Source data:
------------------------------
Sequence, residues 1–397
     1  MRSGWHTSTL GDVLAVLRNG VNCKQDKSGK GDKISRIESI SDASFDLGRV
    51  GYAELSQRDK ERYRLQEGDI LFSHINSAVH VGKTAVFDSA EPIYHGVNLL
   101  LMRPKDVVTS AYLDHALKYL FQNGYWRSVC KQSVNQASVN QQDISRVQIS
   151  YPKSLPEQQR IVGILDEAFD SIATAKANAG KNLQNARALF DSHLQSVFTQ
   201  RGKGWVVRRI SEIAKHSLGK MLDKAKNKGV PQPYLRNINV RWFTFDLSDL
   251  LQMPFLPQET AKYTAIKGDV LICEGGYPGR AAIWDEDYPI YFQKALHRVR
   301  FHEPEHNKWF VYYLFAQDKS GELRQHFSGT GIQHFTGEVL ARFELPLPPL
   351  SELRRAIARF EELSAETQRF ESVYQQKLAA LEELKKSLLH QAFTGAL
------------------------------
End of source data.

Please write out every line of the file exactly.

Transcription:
Sequence, residues 1–397
     1  MRSGWHTSTL GDVLAVLRNG VNCKQDKSGK GDKISRIESI SDASFDLGRV
    51  GYAELSQRDK ERYRLQEGDI LFSHINSAVH VGKTAVFDSA EPIYHGVNLL
   101  LMRPKDVVTS AYLDHALKYL FQNGYWRSVC KQSVNQASVN QQDISRVQIS
   151  YPKSLPEQQR IVGILDEAFD SIATAKANAG KNLQNARALF DSHLQSVFTQ
   201  RGKGWVVRRI SEIAKHSLGK MLDKAKNKGV PQPYLRNINV RWFTFDLSDL
   251  LQMPFLPQET AKYTAIKGDV LICEGGYPGR AAIWDEDYPI YFQKALHRVR
   301  FHEPEHNKWF VYYLFAQDKS GELRQHFSGT GIQHFTGEVL ARFELPLPPL
   351  SELRRAIARF EELSAETQRF ESVYQQKLAA LEELKKSLLH QAFTGAL